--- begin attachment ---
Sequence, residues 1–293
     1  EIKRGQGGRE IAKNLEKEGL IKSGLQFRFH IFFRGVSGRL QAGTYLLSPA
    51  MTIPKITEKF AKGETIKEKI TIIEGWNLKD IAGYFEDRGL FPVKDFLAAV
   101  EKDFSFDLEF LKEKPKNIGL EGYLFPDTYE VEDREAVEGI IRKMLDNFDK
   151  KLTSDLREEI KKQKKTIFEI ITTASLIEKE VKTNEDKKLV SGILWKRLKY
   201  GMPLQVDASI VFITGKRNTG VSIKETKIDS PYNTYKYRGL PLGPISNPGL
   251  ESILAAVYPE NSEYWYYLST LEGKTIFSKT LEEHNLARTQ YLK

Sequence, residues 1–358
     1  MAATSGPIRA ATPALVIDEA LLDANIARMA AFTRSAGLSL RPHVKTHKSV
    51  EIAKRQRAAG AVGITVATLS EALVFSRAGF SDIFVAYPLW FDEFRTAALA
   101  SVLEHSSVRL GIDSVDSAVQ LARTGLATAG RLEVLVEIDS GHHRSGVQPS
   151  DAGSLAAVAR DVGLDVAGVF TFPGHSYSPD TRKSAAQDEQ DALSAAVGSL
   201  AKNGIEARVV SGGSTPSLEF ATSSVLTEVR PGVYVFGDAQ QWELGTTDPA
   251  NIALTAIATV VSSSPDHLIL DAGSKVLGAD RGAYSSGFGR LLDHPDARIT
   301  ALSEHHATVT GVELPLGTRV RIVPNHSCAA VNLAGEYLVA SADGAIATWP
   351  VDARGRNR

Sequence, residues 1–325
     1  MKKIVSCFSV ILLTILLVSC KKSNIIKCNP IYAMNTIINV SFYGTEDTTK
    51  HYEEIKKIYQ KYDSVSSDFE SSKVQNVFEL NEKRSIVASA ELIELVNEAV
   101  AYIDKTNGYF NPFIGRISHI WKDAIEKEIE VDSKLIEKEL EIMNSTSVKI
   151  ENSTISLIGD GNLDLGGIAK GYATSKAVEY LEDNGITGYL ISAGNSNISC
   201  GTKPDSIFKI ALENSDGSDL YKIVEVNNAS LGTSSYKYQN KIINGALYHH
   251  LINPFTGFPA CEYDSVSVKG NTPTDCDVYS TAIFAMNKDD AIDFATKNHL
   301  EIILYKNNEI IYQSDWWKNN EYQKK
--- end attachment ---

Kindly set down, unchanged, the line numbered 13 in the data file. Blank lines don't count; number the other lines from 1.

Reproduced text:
   201  AKNGIEARVV SGGSTPSLEF ATSSVLTEVR PGVYVFGDAQ QWELGTTDPA